Summers in Indiana are going to get hotter. And those high heat days are especially dangerous for farm workers and other people who work outside. But right now, there are few laws to protect Indiana farm workers from extreme heat.
In August, more than a hundred farm workers filed into the basement of a former church in Odon at the end of a long day of picking watermelons. It’s still about 90 degrees outside and feels even hotter. Even in this small room, a fan is struggling to keep everyone cool.
Once the workers get settled, Miriam Sonderborg of the nonprofit Proteus starts a training on heat and pesticides in Spanish. She asks for a volunteer to lay down on the floor like someone who's just passed out from the heat. She asks another worker what they would do.
He starts to fan his friend. Sonderborg suggests bringing him water and once he can sit up — asking him some questions to make sure he’s OK.
Sonderborg tells workers they need to drink water, take breaks, wear loose-fitting clothing, and watch out for each other.
Sounds easy, right? But some farm workers feel like they can’t do these things, said Leonel Lopez. Lopez is president of the Indiana Migrant and Seasonal Farmworker Coalition.
“They believe that drinking more water will make them go to the bathroom more often. And taking more breaks means less hours worked, meaning less hours paid," he said. "Or even getting in the mindset of the employer, ‘Oh, these people are going to take breaks too long. So I'm not gonna employ them again next year.'"
Farm workers are more likely to die in extreme heat
Not taking a break could mean risking your life. There are few laws to protect farm workers in extreme heat and though Proteus’ heat training is free, it isn’t mandatory.
Agricultural workers are 35 times more likely to die from heat than workers in other industries. In July of 2020, a young man named Jorge collapsed in the heat while detasseling corn. He came to northwest Indiana to work alongside his dad. It was only his second day on the job.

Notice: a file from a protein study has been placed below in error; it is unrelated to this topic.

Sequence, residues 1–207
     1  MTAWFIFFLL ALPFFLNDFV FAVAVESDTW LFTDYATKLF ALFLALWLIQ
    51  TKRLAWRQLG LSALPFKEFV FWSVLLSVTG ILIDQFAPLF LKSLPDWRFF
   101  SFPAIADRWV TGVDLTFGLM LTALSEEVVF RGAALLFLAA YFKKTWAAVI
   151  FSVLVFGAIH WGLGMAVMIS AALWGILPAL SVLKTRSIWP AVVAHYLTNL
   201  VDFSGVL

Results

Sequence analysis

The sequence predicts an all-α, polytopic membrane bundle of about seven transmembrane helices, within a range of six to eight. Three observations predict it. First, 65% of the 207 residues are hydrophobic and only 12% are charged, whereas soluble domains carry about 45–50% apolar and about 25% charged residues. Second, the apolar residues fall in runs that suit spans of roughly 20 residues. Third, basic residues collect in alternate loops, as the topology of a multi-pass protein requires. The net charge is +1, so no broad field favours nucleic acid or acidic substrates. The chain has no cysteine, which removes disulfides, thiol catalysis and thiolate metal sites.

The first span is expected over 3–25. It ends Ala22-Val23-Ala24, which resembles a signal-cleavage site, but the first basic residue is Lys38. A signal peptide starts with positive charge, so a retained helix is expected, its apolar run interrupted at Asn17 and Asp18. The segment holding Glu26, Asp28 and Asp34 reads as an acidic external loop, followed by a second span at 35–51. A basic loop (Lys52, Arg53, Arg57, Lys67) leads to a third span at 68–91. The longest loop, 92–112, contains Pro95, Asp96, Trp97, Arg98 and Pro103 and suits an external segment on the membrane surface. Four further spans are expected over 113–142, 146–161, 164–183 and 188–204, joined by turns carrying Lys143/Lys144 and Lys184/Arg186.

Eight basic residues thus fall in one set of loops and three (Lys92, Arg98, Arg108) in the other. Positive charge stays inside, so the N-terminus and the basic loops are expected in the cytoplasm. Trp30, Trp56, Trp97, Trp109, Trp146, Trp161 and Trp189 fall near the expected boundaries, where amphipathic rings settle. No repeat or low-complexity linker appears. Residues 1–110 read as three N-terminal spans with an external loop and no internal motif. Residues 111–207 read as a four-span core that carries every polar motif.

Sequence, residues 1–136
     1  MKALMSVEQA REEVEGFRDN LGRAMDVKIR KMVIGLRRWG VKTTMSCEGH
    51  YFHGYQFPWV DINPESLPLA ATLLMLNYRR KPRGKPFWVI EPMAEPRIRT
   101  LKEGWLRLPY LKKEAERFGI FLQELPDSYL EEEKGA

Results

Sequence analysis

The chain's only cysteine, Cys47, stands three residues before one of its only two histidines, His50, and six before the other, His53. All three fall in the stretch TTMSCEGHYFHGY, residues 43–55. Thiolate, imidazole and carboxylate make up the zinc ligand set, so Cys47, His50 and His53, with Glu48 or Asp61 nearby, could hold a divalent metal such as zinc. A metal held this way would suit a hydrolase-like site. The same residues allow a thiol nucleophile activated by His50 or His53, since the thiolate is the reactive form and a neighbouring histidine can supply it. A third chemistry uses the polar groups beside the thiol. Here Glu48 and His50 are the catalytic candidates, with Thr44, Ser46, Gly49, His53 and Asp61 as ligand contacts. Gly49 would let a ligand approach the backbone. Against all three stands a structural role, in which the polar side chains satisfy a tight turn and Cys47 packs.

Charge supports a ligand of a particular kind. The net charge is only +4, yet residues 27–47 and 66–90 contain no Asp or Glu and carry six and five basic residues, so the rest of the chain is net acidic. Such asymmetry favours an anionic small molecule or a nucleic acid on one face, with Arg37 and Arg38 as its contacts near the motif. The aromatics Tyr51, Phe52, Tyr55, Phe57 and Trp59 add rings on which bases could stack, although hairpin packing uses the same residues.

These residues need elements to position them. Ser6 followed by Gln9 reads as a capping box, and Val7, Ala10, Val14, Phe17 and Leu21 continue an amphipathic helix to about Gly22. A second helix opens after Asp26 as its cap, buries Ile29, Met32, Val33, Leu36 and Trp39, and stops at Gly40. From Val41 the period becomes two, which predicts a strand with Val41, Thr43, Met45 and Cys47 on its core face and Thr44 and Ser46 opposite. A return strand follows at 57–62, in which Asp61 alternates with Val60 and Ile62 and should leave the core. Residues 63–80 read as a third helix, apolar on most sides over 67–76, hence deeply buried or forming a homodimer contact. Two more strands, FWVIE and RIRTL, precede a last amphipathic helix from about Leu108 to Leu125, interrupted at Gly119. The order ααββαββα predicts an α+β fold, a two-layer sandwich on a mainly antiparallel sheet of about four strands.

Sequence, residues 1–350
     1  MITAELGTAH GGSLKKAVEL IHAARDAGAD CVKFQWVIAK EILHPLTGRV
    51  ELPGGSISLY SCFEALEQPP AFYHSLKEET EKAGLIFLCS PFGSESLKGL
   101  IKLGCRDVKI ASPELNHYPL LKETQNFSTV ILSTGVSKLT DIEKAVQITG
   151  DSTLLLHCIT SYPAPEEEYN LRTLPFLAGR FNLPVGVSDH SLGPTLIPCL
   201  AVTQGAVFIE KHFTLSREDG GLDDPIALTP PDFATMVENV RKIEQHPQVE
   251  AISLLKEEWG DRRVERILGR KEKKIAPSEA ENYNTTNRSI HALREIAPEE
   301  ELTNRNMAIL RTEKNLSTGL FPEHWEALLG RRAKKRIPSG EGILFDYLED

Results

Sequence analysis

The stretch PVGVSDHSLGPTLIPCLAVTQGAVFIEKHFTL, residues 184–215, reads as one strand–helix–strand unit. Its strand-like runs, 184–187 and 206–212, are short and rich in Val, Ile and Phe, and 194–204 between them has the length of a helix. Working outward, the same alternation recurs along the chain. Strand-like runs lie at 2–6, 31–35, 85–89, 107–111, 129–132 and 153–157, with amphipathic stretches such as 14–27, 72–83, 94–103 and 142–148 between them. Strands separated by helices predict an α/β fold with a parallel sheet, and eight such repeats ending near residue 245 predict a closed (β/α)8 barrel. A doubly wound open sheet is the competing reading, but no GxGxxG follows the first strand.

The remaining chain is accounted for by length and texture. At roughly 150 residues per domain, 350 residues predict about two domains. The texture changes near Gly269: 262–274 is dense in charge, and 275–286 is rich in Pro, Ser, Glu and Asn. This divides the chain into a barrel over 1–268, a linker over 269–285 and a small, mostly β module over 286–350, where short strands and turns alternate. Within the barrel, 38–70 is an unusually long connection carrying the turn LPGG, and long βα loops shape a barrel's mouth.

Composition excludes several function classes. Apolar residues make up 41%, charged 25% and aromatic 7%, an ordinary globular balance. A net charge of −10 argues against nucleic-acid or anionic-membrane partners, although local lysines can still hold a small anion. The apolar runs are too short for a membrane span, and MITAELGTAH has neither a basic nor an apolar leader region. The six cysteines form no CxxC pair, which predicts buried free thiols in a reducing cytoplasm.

“From what I understood they didn’t have a plan in place meaning that three come in, three come out. You know, five go in, five come out. And he started getting sick. And he did tell someone that he wasn't feeling good," said Jesusa Rivera, a senior career coach with Proteus.
Later on, Jorge was nowhere to be found. They sent out a search party, but in the end they were too late.
“When the paramedics … you know, he was already — he was already gone," Rivera said.
Rivera was a farm worker herself, working in the fields since she was only 8 years old.
She said it can be hard for corn detasselers to even breathe in extreme heat — especially with all the clothing they wear to protect themselves from the sun, pesticides, bugs, and corn stalks that can cut their arms and faces.
Rivera said some workers might feel like they have to work through breaks.
"If you get pressured by your employer to meet a deadline, are you not going to work harder and faster, and kind of not take breaks to kind of get the work done?" she said.
Roxana Chicas researches how heat affects farm workers at Emory University in Florida. In one study, her team found about half of Florida farm workers they studied had body temperatures at or above 100 degrees — essentially, a fever.